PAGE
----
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A. R. Radcliffe-Brown

A. R. Radcliffe-BrownAKA Alfred Reginald Radcliffe-Brown

Born: 17-Jan-1881
Birthplace: Birmingham, Warwick, England
Died: 24-Oct-1955
Location of death: London, England
Cause of death: unspecified

Gender: Male
Race or Ethnicity: White
Occupation: Anthropologist

Nationality: England
Executive summary: Father of modern social anthropology

A.R. Radcliffe-Brown is remembered as the father of structural-functionalism and as one of the co-founders of British social anthropology, along with Bronislaw Malinowski. Radcliffe-Brown first came to prominence through his analysis of kinship and social organization among The Andaman Islanders (1922) and, later, among the aborigines of Australia, published in such works as Social Organization of Australian Tribes (1931). Structural-functionalism views society as an entity composed of functionally interdependent institutions. Structural-functional analysis, although later viewed as reductionist, deeply influenced the development of social anthropology and continues to influence the subfields of economic and political anthropology.

Born in Sparkbrook, Birmingham, England on January 17, 1881 as Alfred Reginald Brown he later changed his last name, by deed poll, to Radcliffe-Brown. He entered Cambridge University in 1901, studying philosophy, psychology, economics, and the natural sciences. While there he earned the nickname "Anarchy Brown" for his close association with anarchist communist Peter Kropotkin. Kropotkin, as expressed in his book Mutual Aid, argued that the ability to work together introduced a new wrinkle into the concept of survival of the fittest. Expanded into the paradigm of Social Darwinism, survival of the fittest typically emphasized competition between individuals, as well as species, leading to selection for superior strength and intelligence. Kropotkin’s alternative emphasis, on selection for skills that allowed humans to thrive by working together, laid the groundwork for Radcliffe-Brown’s later emphasis on social anthropology and especially structural-functionalism.

Nonetheless Radcliffe-Brown’s initial work in the field of Anthropology displayed the usual emphasis on ethnology and history. And it was with this focus that he undertook his first field studies, in the Andaman Islands, in 1906. Building on, and highly critical of, the work previoulsy done in among the Andaman Islanders by E.H. Man and M.V. Portman, Radcliffe-Brown formulated a fairly ordinary if underwhelming report of his observations. But after his return to London he became aware of the work of French sociologist Émile Durkheim, sparking a new interest in the way that social institutions act together to sustain society – much as physical organs work together to sustain a living body. Using his own modified version of Durkheim’s theories, which he called "structurual-functionalism", he reinterpreted the entirety of his work among the Andaman Islanders. And during his fieldwork among the Australian Aborginees (1910-1912), he utilized structural-functionalism to analyze kinship, myth, totemism, in the context of social organization.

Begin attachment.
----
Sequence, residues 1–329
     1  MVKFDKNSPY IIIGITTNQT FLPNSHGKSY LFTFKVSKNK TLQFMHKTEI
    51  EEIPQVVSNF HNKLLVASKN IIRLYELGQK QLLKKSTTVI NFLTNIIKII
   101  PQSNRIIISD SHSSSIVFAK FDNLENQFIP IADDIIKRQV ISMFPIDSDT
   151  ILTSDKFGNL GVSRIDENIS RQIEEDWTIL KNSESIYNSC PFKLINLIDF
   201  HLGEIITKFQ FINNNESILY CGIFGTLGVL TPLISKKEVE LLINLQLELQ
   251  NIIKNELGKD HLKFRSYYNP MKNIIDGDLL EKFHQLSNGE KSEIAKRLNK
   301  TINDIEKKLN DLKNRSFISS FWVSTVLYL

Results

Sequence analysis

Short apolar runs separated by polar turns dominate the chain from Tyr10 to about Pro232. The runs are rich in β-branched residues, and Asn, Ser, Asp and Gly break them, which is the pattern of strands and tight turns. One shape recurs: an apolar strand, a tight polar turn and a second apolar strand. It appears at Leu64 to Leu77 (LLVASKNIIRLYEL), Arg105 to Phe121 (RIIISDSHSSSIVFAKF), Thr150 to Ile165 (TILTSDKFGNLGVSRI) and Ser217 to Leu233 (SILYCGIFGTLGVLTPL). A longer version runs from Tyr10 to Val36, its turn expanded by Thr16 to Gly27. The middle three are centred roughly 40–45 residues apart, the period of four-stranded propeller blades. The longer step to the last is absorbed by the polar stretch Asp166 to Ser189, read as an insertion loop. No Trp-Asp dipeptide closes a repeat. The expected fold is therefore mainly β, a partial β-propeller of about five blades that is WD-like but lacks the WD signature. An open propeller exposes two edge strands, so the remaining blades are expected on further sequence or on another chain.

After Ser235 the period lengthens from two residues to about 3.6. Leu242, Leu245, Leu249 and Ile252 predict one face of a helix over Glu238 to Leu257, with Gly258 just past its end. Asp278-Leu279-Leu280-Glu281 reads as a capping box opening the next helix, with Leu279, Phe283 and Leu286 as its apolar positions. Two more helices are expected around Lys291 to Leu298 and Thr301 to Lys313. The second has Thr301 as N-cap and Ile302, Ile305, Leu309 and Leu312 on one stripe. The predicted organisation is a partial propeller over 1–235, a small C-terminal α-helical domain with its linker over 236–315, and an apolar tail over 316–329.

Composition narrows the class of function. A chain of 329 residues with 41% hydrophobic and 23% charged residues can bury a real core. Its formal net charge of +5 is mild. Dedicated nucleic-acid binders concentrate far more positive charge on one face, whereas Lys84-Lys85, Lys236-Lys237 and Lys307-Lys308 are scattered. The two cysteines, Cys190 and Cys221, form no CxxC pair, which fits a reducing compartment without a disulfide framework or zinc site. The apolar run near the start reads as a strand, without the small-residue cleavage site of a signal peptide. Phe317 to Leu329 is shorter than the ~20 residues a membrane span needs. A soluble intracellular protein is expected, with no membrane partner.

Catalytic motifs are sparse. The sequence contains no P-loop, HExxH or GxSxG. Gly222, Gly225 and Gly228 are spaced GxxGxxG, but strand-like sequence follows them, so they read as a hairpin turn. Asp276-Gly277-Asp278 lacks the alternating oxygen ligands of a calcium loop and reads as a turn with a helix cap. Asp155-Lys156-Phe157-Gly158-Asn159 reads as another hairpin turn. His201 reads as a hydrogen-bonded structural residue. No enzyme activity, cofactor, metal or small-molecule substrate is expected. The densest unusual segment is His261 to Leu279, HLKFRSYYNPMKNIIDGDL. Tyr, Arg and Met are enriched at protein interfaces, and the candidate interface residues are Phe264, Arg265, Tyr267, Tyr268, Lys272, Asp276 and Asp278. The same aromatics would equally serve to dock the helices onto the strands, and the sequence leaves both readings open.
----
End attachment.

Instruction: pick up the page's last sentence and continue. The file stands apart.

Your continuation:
Despite these forays however, Radcliffe-Brown never embraced fieldwork with the same passion and rigor as Bronislaw Malinowski, with whom he would eventually co-found a new social anthropology. In addition there are those who have questioned the integrity of Radcliffe-Brown’s studies, even accusing him of appropriating the fieldwork of others and passing it off as his own. In short, his dedication was to theory and to the big picture, rather than small realistic details.